In the Seychelles, Chile, Bahrain and Mongolia, 50 to 68 percent of the populations have been fully inoculated, outpacing the United States, according to Our World in Data, a data tracking project. All four ranked among the top 10 countries with the worst Covid outbreaks as recently as last week, according to data from The New York Times. And all four are mostly using shots made by two Chinese vaccine makers, Sinopharm and Sinovac Biotech.

“If the vaccines are sufficiently good, we should not see this pattern,” said Jin Dongyan, a virologist at the University of Hong Kong. “The Chinese have a responsibility to remedy this.”

That’s a big difference compared to the United States, where the three vaccines in use have caused new cases of Covid-19 to plummet in the months since they’ve been rolled out. While no vaccine can fully prevent infection, the ones being administered in the U.S. are extremely effective — the two-shot Pfizer-BioNTech and Moderna mRNA-based vaccines each boast an efficacy rate of over 90 percent; the one-dose Johnson and Johnson-produced version is around 66.3 percent effective at preventing Covid-19 infections.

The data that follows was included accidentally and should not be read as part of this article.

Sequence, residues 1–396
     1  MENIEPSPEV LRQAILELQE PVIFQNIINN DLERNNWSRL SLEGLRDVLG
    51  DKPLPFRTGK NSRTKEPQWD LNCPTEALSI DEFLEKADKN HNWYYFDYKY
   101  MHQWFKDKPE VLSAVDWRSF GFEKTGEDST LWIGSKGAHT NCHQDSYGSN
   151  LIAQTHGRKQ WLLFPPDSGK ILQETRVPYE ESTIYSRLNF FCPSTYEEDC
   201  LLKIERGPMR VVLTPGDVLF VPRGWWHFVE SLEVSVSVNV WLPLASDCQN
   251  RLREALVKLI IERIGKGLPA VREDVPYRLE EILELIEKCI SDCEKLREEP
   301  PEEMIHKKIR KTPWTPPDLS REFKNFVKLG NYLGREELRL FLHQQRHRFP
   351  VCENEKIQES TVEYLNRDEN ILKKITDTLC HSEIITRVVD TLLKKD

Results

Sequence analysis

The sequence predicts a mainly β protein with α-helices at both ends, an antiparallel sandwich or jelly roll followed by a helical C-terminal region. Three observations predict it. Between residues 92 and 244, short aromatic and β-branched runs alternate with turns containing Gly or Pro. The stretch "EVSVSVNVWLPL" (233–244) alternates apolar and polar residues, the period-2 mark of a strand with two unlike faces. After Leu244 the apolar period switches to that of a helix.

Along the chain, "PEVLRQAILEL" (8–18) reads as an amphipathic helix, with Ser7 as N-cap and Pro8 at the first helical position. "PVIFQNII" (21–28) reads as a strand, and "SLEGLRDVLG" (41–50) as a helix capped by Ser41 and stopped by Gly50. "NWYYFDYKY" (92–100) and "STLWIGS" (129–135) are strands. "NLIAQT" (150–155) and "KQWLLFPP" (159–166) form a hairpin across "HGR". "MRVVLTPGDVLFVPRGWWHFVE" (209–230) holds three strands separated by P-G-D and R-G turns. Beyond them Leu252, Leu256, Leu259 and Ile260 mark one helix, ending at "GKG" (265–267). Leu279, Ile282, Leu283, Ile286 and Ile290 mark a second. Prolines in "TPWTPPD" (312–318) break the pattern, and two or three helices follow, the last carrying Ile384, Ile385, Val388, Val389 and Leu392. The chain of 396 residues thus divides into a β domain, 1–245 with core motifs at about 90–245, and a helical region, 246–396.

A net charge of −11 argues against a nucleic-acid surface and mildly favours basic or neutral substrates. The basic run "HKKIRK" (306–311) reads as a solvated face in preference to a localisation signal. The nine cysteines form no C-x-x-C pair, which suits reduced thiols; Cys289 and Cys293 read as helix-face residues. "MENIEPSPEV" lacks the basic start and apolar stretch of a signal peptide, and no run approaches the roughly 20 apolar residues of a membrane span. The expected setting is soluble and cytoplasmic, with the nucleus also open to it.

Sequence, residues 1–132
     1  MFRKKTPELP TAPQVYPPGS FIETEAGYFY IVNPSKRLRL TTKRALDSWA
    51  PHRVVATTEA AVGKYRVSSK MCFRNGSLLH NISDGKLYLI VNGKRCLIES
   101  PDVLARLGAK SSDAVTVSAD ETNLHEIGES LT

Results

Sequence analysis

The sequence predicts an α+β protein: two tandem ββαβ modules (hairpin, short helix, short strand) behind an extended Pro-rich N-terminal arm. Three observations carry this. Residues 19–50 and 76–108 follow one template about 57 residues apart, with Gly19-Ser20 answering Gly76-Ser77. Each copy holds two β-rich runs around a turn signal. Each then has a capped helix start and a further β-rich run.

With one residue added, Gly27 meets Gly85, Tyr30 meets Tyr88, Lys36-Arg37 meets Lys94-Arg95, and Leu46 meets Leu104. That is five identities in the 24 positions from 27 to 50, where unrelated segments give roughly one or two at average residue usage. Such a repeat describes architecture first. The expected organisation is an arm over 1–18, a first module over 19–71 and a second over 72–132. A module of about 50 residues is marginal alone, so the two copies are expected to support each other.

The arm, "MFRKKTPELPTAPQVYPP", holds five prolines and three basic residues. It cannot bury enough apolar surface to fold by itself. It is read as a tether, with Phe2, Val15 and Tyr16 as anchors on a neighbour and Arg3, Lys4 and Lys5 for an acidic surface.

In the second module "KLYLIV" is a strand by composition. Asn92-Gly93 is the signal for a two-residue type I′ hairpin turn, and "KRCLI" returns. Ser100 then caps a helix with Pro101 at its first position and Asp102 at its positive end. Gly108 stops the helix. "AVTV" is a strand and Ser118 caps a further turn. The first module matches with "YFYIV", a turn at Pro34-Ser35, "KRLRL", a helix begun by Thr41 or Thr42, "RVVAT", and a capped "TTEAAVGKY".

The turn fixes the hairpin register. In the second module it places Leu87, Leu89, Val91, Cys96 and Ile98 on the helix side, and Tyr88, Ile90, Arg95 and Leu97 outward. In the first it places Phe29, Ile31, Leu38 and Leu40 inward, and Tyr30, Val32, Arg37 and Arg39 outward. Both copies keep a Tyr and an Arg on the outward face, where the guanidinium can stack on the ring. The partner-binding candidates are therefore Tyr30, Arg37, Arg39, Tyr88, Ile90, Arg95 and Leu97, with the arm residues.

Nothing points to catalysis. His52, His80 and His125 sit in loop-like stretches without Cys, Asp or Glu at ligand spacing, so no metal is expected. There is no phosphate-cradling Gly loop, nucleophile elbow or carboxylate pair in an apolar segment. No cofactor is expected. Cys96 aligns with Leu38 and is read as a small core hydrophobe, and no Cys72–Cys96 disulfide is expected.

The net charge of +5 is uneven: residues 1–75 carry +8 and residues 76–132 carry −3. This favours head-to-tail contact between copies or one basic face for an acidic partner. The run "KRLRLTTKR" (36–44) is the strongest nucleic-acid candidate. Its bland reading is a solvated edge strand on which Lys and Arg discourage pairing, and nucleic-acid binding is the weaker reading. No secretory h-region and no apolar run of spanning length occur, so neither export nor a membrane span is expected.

The main Chinese vaccines — Sinopharm and Sinovac — have relatively lower efficacy rates, at 78 and 51 percent respectively. But that isn’t to say that the Chinese-made vaccines are worthless or garbage — compared to the alternative, they’re clearly much needed and appreciated as they still manage to keep many infections from developing into severe, life-threatening cases.

It’s less clear now whether the deals in place were all that good for Moscow and Beijing’s clients. T